No, You Can’t Build a Collateral Protection Insurance Program Around a Liability Policy

I bet you think I’m being hyperbolic, making extreme statements about what you can and can’t do. OK, I suppose you can build a collateral protection insurance program around a liability policy. You can do it in the same way that you can do cartwheels in traffic or put a snapping turtle in your pants. These things are not impossible, but the outcomes may be gruesome.

Collateral Protection Insurance, or CPI, is a longstanding and well-regulated risk management tool that bhph dealers and other auto creditors have relied on for decades to fill the insurance gaps in their finance portfolios. CPI’s success is rooted in it’s conceptual and legal clarity:  the assertion, supported by law in every state, that a creditor’s right to require property insurance on finance collateral includes the right to purchase insurance, at the debtor’s expense, if necessary. Over the past four decades creditors have looked to CPI to insure tens of millions of otherwise uninsured autos. To say the product has been stress tested is an understatement.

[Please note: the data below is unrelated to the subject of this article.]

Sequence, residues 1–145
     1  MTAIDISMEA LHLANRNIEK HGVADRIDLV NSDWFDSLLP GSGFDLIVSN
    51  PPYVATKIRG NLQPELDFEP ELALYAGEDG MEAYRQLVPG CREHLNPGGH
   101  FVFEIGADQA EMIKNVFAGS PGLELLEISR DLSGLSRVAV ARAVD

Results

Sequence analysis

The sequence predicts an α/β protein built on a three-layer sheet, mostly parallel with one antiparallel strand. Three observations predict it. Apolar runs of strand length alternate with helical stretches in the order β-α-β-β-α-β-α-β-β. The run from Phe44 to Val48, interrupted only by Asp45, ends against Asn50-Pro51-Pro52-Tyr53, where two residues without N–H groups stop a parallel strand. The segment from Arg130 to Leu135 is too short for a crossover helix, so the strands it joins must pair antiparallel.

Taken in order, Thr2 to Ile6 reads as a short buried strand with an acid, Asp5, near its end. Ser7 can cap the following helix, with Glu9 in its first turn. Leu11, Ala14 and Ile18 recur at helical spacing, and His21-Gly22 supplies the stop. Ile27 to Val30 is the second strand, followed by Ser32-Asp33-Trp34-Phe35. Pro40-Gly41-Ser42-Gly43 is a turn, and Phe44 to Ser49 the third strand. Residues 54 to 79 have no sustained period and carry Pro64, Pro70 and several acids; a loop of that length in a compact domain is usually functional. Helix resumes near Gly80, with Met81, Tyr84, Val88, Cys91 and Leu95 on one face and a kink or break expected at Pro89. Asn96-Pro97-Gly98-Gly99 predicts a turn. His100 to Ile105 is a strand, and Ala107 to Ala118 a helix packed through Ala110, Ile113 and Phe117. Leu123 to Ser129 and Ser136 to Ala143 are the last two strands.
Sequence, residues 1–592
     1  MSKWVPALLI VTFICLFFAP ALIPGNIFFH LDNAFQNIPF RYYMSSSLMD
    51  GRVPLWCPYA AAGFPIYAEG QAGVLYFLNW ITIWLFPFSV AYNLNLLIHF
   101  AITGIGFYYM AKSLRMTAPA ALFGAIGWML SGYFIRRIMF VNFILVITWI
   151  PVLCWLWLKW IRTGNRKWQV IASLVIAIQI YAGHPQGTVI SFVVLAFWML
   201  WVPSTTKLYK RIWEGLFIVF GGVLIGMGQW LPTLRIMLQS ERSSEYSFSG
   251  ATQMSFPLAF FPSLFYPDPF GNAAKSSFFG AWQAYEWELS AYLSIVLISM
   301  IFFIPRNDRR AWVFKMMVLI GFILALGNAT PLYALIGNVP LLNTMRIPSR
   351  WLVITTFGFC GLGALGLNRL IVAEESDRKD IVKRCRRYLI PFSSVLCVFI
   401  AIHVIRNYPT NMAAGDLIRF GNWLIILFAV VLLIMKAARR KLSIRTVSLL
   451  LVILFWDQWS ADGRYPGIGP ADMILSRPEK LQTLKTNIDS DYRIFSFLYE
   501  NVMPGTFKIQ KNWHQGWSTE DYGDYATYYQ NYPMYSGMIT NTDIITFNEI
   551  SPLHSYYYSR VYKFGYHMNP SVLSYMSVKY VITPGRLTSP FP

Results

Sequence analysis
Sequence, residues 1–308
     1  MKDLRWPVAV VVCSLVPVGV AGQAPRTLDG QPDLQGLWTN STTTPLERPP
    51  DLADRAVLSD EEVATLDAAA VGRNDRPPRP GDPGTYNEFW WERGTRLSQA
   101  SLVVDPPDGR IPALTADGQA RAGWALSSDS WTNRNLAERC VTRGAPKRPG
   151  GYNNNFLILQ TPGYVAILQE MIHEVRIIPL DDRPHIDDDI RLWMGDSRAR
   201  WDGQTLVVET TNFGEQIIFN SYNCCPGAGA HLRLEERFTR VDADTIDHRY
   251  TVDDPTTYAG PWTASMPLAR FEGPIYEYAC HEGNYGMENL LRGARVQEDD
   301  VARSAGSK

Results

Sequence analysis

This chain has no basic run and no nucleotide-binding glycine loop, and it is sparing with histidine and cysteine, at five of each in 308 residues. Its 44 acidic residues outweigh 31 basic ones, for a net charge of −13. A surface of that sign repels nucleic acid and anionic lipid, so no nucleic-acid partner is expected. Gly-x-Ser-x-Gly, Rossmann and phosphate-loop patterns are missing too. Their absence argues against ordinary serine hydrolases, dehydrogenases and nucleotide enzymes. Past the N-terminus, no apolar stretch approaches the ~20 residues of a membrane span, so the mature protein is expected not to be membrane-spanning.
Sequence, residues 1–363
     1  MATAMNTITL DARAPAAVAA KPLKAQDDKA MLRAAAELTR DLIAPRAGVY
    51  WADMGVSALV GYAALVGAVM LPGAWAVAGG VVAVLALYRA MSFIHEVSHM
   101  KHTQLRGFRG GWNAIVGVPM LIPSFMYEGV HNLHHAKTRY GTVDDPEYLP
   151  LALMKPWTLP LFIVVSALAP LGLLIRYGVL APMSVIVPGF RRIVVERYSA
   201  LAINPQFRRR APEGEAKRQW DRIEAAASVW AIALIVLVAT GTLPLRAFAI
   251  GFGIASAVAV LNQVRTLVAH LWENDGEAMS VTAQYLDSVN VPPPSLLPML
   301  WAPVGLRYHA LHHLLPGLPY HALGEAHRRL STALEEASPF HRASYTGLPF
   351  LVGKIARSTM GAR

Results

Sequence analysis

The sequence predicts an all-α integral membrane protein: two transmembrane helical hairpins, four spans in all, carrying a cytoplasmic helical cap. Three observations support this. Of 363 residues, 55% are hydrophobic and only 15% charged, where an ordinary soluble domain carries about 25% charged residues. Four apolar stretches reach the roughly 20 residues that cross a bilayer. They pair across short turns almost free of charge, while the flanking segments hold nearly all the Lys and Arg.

Recently I’ve been asked about streamlining the CPI process. Why can’t a creditor just charge customers a monthly fee and assume the risk of loss directly? Rather than buying insurance and passing on the cost as with CPI, the dealer would become the insurer. Seems reasonable enough. The problem is that the exchange of money in return for a promise to repair or replace a damaged car is by definition an unlicensed insurance transaction, making the creditor an unlicensed insurer.

You do not want to be an unlicensed insurer. The reasons why are numerous enough to deserve their own post

Adding a contractual liability insurance policy to the mix as some have proposed can’t solve the problem. Contractual liability insurance exists solely to insure liability assumed by one party to a contract. In other words, a contractual liability insurance policy, or CLIP, merely transfers risk; it can’t create legality where it does not already exist. So, using a CLIP to insure an unlicensed insurance agreement does nothing more than slap insurance over a violation of insurance law.

And that, my friends, is why you can’t – OK, really shouldn’t – try to build a CPI program around a contractual liability policy.

If you plan to give it a shot, I know a guy who will lend you a snapping turtle, no questions asked.

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